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New Clause 2 - Regional organised crime task forces

Part of Crime and Courts Bill [Lords] – in a Public Bill Committee at 11:00 am on 12th February 2013.

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Photo of Jeremy Browne Jeremy Browne The Minister of State, Home Department 11:00 am, 12th February 2013

I strongly support the basic instincts that underline the new clause proposed by the right hon. Member for Wythenshawe and Sale East. In the relatively short time that I have been a Home Office Minister, an area of policing and law enforcement that I had previously not been sufficiently aware of, but have become more aware of—I have become more impressed as a result of becoming more aware of it—is the need for enhanced regional capacity.

Before we get on to other organisations—border forces and others that have a law enforcement role—there is clearly a big disparity between the larger and smaller police forces. Some of the larger forces have the capacity to deal with serious and organised crime, because, of course, they tend to have more serious and organised crime, which means that they develop greater expertise. However, they also have more critical mass in terms of budget and people, compared to small police forces that do not typically have either the accumulated experience or the number of people to deal with serious and organised crime, particularly when a one-off incident or group of incidents disturbs their normal pattern of work.

It is important that we have a National Crime Agency that can, in Home Office jargon, dock effectively with different parts of the law enforcement landscape, to use another bit of jargon, because we want to ensure that the NCA is properly connected, that there is the capacity and the right level of expertise in the system to respond meaningfully to requests for collaborative work, and that the flow in both directions is as effective as possible.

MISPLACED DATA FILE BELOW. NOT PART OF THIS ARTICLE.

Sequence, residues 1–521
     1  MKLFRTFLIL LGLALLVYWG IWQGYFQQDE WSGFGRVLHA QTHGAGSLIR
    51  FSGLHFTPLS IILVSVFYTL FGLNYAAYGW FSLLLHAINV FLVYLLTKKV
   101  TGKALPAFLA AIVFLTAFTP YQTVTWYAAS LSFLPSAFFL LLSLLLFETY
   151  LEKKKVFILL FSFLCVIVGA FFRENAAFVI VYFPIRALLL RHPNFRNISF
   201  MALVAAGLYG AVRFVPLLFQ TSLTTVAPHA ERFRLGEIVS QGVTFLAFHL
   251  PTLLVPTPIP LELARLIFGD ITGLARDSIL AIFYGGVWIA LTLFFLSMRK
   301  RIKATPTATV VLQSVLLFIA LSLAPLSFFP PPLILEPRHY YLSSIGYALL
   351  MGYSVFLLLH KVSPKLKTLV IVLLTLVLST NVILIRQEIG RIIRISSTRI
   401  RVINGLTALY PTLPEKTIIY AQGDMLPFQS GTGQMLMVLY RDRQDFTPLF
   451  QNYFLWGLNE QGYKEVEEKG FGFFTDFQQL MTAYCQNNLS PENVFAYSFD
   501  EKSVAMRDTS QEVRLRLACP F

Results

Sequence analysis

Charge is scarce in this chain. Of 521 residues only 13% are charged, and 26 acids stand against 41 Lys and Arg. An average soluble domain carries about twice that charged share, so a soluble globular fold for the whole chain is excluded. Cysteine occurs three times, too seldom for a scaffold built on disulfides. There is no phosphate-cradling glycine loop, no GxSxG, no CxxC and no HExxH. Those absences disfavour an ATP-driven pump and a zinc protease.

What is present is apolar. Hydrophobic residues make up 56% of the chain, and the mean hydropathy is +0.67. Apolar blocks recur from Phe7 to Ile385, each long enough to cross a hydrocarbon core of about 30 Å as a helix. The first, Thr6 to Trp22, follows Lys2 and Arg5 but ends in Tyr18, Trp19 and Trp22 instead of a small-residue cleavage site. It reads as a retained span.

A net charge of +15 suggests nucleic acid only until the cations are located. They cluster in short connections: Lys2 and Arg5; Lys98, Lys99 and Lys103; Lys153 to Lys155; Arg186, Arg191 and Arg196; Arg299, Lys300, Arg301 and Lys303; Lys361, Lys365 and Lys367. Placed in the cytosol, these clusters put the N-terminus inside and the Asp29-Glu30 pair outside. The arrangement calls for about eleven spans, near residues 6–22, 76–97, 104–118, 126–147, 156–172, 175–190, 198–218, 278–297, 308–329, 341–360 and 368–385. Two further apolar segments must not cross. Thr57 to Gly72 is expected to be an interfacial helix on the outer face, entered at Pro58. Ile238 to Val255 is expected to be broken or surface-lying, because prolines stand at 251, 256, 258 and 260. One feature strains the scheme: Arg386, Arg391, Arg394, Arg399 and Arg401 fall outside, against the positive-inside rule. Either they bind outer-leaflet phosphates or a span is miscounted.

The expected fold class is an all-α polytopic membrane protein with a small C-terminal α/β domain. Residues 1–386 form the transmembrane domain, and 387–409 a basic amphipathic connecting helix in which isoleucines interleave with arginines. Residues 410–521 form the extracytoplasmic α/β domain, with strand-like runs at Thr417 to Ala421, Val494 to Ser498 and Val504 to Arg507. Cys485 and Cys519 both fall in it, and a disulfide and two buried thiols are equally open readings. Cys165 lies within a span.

Committee members will be forgiven for suspecting that this level of thinking really applies only in Northern Ireland, given the debate up to now. However, we have 10 regional organised crime units in England and Wales. I visited the one in Derbyshire, which is widely regarded as the most effective in England and Wales in terms of co-ordination of activity. The 10 regional organised crime units in England and Wales are embedded in local policing and accountable to police and crime commissioners. They include seconded officers from SOCA, HMRC, the UKBA and a number of other agencies—the right hon. Member for Wythenshawe and Sale East made the point that the units are not made up exclusively of police.

Regional organised crime units co-ordinate the fight against organised crime at regional level and provide specialist support and expertise to police forces and other agencies. Such support ranges from producing regional threat assessments to mounting technical surveillance operations against organised criminal groups. Again, I make the point that there is obviously more capacity for that type of activity in a force such as Greater Manchester police than there would be in a small rural force. Their mission is simple: they must tackle both organised crime groups causing the greatest levels of harm to communities in their region, and organised crime that is occurring across local boundaries, including county or force boundaries.

Regional organised crime units have grown and developed over a number of years and are making a real contribution to the overall response to organised crime. Their key strength is their understanding of how local communities are affected by organised criminality and their consequent ability to tailor their law enforcement response accordingly, alongside their importance in linking upwards to national agencies—the docking mechanism I mentioned a moment ago. We see merit in the bottom-up rather than top-down element, because responses to organised crime may be different in the south-west of England from those in another part of the country where there might be bigger forces or cities, or less dispersed rurality. Law enforcement agencies will have different ways of applying the same lessons in different parts of the country.